|Yes, as a matter of fact, I did, in fact, get some leather pants for use in my high school/early college garage band. And no, I'm not embarrassed. Well, except for the cell phone holster that is.|
As is the case with liturgical music, we know that chant and classical are objectively greater forms of art than rock, pop, country and other stuff you'll find on the FM dial. But it also doesn't always feel quite right to crank up Mozart while you're throwing some brats on the grill on a Saturday night. I'm friends with a guy who believes that any non-sacred music is--at the very least--a near occasion of sin because it stirs the senses into a sort of euphoria and is implicitly sexual. In The Spirit of the Liturgy, Benedict XVI seems to agree:
“Rock”, on the other hand, is the expression of elemental passions, and at rock festivals it assumes a cultic character, a form of worship, in fact, in opposition to Christian worship. People are, so to speak, released from themselves by the experience of being part of a crowd and by the emotional shock of rhythm, noise, and special lighting effects. However, in the ecstasy of having all their defenses torn down, the participants sink, as it were, beneath the elemental force of the universe. The music of the Holy Spirit’s sober inebriation seems to have little chance when self has become a prison, the mind is a shackle, and breaking out from both appears as a true promise of redemption that can be tasted at least for a few moments. [The Spirit of the Liturgy, (SF, CA: Ignatius, 2000), p 148]As somebody who has been to three Bon Jovi concerts, I find this seriously [BAD PUN ALERT] disconcerting.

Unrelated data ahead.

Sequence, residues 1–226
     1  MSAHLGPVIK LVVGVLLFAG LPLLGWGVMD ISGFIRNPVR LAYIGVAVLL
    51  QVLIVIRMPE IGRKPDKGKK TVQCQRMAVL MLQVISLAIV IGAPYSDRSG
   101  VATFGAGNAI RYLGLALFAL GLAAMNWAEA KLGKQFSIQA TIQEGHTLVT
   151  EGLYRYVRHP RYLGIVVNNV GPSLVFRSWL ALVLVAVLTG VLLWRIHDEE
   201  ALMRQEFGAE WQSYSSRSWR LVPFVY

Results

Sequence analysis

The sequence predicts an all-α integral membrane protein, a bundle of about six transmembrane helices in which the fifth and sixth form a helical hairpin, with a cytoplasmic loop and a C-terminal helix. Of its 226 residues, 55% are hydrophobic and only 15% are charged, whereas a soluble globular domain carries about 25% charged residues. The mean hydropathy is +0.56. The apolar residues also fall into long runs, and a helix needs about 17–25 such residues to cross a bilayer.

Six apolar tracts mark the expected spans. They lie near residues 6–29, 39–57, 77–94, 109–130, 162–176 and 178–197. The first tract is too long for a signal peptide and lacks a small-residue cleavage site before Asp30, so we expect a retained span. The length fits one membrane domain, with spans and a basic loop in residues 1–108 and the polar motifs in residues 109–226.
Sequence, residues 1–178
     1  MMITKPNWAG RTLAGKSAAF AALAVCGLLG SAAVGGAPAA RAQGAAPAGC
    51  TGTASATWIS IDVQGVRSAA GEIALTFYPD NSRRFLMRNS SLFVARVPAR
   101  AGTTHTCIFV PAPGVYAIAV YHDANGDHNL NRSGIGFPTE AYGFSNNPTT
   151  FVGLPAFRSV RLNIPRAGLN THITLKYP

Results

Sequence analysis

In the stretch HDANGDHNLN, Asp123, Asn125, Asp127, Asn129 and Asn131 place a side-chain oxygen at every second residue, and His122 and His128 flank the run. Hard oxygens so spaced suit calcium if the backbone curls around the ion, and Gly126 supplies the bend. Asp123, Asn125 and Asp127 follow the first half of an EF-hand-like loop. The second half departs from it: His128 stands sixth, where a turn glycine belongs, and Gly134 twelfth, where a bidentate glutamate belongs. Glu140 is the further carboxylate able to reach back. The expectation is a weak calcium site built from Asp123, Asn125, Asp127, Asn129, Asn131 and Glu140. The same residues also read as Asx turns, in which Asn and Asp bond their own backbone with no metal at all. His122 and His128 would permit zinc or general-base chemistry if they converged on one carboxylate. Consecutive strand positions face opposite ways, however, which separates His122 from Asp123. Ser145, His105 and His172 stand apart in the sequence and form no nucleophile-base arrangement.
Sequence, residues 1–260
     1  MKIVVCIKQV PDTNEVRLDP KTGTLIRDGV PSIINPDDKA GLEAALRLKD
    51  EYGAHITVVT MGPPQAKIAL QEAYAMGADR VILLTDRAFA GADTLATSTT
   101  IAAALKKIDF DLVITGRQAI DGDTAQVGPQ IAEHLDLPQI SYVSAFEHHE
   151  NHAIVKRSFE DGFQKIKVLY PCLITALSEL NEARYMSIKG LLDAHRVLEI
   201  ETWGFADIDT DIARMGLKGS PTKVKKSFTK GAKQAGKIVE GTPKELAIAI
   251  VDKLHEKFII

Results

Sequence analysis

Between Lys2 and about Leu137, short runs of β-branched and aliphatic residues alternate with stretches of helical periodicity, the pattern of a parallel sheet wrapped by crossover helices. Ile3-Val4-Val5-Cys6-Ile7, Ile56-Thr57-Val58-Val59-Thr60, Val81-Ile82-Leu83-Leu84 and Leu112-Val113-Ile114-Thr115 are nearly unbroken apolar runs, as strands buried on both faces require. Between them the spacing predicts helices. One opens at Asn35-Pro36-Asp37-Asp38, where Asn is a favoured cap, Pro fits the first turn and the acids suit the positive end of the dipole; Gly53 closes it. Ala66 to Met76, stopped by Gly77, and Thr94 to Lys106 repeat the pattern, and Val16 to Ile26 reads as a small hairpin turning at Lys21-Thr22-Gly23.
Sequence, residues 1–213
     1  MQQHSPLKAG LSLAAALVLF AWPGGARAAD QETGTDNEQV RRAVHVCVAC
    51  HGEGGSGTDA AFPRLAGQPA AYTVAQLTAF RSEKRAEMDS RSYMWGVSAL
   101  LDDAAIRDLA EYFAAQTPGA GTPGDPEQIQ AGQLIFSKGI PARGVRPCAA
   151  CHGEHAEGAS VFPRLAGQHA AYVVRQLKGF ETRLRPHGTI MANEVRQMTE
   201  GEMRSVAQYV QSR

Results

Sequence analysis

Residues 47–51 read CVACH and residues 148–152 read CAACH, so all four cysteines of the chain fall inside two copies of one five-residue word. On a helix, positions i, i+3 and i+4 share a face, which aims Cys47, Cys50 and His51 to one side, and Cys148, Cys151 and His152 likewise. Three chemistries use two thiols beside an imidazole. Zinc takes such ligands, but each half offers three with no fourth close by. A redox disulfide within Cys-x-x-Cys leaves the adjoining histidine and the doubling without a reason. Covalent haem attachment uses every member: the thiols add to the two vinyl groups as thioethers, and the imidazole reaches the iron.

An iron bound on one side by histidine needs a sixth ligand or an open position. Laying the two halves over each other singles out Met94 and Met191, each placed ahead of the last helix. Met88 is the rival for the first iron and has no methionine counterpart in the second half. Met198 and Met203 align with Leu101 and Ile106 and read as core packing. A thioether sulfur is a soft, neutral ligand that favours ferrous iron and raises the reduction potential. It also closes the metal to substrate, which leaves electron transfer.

You know how there are cafeteria Catholics who sincerely love Jesus but just can't get on board with a more serious faith because they get hung up on the contraception prohibition? I'd have that same struggle with giving up my rock music. I'd absolutely do it, but it would be pretty darn difficult.
I've asked a theology expert, my spiritual director and some other folks whose judgment I trust about this question. The closest I could get to a consensus is that the Church is generally silent on the issue and that if we consume rock/pop music, we should do so in moderation while remaining sensitive to overly dark melodies or scandalous lyrics.
I can't say I'm doing such a great job on moderation, but I have been pretty good about trying to screen the content of the songs I listen to. I haven't listened to Ozzy in quite awhile, and I've cut any song that takes an irreverent approach to God or to sexuality out of the rotation.
So that's what I've done. But I want to know your thoughts. Hit up the Comment Box!